Loss of food cited as cause of woolly mammoths’ demise


A major decline in plant diversity resulted in the extinction of the woolly mammoth, woolly rhinoceros and many other large animals following the last Ice Age, according to a new study published in the journal Nature.

Relying on DNA-based research, the Centre for GeoGenetics at the Natural History Museum of Denmark has found that the flowering plants that mammoths and other large creatures depended on for survival disappeared from North American and northern Asia during the last glacial period, eliminating a major food source for the animals.

Prior the that period, the landscapes of the Northern hemisphere were far more diverse and stable than today’s steppes, with megafauna like woolly rhinos and mammoths feeding on grasses and protein-rich flowering plants, or forbs.

But at the height of the last Ice Age – 25,000-15,000 years ago, at a time when the climate was at its coldest and driest – a major loss of plant diversity occurred, the study’s authors wrote.

As a result, the giant animals barely survived.

Once the Ice Age ended about 10,000 years ago the climate warmed again. However, the protein-rich forbs did not recover to their former abundance and were replaced with different kinds of vegetation, including grasses prevalent on today’s plains and steppes.

“This likely proved fatal for species like woolly rhino, mammoth, and horse in Asia and North America,” according to the University of Copenhagen. “Even though it became warmer again after the end of the Ice Age the old landscapes did not return.”

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La Salle expedition wreck being restored

Researchers in Texas are freeze-drying the remains of French ship that, when it sank more than 320 years ago, ultimately altered the course of North American history.

The La Belle was captained by Rene-Robert Cavelier Sieur de La Salle, who had hoped to colonize Texas for France.

When the 54-1/2-foot vessel foundered in 1686 in a storm on Matagorda Bay, about midway between Galveston and Corpus Christi, La Salle’s colony was fated for oblivion.

“When La Belle sank, that doomed La Salle’s colony and opened up the door for Spain to come in and occupy Texas,” said Jim Bruseth, who led the Texas Historical Commission effort to recover the remains.

By placing the ship in a constant environment of up to 60 degrees below zero, more than 300 years of moisture will be safely removed from hundreds of European oak and pine timbers and planks, according to The Telegraph.

The operation, taking place at the old Bryan Air Force base several miles northwest of College Station, Texas, is the first such undertaking of its size.

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Confederate cannons to be sought in Pee Dee


A team of underwater archaeologists from the University of South Carolina will begin work to locate and raise three Confederate cannons – each weighing upwards of 5 tons – from the silty sediment at the bottom of Mars Bluff on the Pee Dee River later this year.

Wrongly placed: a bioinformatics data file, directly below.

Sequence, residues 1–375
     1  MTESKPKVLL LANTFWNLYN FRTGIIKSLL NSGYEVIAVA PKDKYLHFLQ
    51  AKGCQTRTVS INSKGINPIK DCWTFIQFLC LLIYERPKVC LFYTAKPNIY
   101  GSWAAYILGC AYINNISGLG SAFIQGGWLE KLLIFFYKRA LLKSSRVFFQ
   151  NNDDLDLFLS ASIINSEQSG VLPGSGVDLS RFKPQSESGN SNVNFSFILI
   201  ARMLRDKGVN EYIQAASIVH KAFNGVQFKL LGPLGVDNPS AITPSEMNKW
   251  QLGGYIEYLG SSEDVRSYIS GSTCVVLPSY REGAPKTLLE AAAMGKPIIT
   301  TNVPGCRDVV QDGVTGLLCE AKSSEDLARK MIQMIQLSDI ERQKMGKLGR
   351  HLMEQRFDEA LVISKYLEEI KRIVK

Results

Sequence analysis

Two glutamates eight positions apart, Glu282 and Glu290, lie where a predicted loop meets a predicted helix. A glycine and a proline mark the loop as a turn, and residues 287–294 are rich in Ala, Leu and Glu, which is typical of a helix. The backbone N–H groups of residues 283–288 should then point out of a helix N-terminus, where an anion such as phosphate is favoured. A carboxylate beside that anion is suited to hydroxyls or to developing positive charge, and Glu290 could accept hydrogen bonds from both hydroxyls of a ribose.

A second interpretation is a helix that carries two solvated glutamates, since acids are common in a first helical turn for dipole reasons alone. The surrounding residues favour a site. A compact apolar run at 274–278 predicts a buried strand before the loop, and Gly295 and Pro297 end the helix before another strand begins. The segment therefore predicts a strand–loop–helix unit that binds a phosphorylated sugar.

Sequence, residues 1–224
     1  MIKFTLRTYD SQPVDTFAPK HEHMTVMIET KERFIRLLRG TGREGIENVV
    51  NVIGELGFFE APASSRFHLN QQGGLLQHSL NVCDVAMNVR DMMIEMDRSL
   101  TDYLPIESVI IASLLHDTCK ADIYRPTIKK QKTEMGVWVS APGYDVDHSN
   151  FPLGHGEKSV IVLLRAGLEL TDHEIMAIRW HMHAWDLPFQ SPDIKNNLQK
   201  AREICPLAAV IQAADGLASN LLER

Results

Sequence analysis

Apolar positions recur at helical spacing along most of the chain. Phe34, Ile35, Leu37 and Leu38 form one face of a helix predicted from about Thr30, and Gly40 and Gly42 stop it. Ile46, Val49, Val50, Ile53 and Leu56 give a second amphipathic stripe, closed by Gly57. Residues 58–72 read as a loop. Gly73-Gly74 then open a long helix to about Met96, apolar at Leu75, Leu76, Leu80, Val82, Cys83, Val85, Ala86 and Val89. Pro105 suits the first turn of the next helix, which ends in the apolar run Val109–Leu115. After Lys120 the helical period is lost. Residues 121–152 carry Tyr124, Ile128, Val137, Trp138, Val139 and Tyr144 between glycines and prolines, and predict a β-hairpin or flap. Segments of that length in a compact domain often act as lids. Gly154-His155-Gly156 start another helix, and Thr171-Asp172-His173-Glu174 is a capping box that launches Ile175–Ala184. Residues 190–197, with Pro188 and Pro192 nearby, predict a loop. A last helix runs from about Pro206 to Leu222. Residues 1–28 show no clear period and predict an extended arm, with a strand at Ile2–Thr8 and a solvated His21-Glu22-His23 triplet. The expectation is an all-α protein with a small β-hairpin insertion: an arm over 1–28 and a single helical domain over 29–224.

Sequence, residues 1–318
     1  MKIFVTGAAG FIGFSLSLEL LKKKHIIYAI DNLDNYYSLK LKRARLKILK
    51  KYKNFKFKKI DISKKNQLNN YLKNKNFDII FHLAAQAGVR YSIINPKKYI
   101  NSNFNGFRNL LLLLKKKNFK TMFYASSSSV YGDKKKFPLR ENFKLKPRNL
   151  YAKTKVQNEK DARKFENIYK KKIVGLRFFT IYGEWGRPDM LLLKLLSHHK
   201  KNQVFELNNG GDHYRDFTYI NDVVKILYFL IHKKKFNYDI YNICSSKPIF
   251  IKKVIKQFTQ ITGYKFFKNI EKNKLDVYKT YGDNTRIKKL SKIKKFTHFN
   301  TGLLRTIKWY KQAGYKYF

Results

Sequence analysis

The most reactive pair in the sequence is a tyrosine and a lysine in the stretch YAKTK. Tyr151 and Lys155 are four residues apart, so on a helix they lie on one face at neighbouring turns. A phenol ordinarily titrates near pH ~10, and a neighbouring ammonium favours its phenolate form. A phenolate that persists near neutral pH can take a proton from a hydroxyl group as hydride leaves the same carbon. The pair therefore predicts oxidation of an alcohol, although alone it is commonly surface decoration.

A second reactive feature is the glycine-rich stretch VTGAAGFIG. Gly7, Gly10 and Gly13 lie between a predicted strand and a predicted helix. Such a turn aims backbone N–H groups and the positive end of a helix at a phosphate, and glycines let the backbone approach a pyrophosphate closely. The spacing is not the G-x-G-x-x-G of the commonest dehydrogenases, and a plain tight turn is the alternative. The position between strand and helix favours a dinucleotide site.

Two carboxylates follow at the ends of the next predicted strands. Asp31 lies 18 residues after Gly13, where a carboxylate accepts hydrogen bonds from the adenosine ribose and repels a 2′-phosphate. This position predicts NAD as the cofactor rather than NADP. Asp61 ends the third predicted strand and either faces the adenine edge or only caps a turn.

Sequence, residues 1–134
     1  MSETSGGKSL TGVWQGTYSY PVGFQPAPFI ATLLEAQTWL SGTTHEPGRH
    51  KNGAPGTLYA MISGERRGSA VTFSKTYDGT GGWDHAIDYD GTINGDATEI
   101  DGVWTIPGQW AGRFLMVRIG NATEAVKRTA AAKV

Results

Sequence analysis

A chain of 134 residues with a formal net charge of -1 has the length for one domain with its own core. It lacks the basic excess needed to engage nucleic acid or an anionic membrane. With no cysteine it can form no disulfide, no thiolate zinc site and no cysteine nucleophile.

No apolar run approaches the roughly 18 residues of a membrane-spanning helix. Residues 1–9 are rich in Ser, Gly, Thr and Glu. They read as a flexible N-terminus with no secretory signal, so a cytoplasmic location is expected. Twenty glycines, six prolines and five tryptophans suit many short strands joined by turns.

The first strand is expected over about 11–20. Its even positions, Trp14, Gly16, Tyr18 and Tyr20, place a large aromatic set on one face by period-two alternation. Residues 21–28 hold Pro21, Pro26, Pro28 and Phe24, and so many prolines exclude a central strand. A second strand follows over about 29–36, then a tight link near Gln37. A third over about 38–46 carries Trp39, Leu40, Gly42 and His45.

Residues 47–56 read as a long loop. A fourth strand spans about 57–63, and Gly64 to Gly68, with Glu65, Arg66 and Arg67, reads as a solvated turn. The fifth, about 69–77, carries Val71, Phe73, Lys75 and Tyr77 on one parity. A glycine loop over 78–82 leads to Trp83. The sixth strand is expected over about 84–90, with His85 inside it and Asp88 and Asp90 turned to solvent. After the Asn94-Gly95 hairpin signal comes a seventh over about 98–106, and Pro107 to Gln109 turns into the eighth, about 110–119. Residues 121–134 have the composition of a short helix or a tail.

Researchers from the SC Institute for Archaeology and Anthropology will use remote sensing technology, including a magnetometer that identifies the presence of iron, to survey the Confederate Mars Bluff Navy Yard on the Pee Dee River and locate cannons, according to information from the school.

The Mars Bluff Naval Yard was one of seven Confederate naval yards that were located inland so gunboats and support vessels for the war could be built and protected from Union forces. Mars Bluff was chosen for its inland location, proximity to the railroad, water communication with Charleston via Georgetown and the abundance of ash, oak and pine lumber.

The cannons to be located and recovered are from the 170-foot gunboat C.S.S. Pee Dee, which was constructed at Mars Bluff and launched in January 1865. The Pee Dee’s career was cut short when Gen. William T. Sherman’s Union troops advanced northward, leading to the destruction of the naval yard and the scuttling of the Pee Dee on March 15, 1865.

Historic records are scanty, but indicate that the Pee Dee had two Confederate brooks rifled cannons and one captured Union Dahlgren, smooth-bore, nine-inch shell cannon on board at the time of the ship’s sinking.

Little else is known about the Pee Dee, other than she was a twin-screw gunboat. One engine was ordered from the Naval Iron Works in Richmond and the other is believed to have run the blockade from Great Britain.

The survey is set to begin April 30, with location of the cannons and excavation of the Naval Yard taking place in late May to mid-June. Once located and verified, the cannons will be raised as early as this fall.

The project is funded in part by a $200,000 grant from the Drs. Bruce and Lee Foundation in Florence.

Artifacts from the Mars Bluff Naval Yard and the CSS Pee Dee can be found at the War Between The States Museum in Florence.